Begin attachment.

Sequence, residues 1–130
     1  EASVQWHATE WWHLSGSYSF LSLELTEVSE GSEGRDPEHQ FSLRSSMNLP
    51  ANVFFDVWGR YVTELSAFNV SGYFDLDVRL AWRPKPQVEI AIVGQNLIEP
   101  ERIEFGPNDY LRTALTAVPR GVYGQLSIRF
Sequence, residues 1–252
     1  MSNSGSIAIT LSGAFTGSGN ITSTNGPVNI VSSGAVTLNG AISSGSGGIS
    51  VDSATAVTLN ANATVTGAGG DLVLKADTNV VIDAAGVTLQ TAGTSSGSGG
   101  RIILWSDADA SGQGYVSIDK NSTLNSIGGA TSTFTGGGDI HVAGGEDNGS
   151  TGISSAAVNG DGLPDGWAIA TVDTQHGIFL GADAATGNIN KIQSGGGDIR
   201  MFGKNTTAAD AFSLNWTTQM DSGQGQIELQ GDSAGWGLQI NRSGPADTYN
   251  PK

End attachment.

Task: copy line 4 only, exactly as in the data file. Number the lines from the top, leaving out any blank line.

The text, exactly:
   101  ERIEFGPNDY LRTALTAVPR GVYGQLSIRF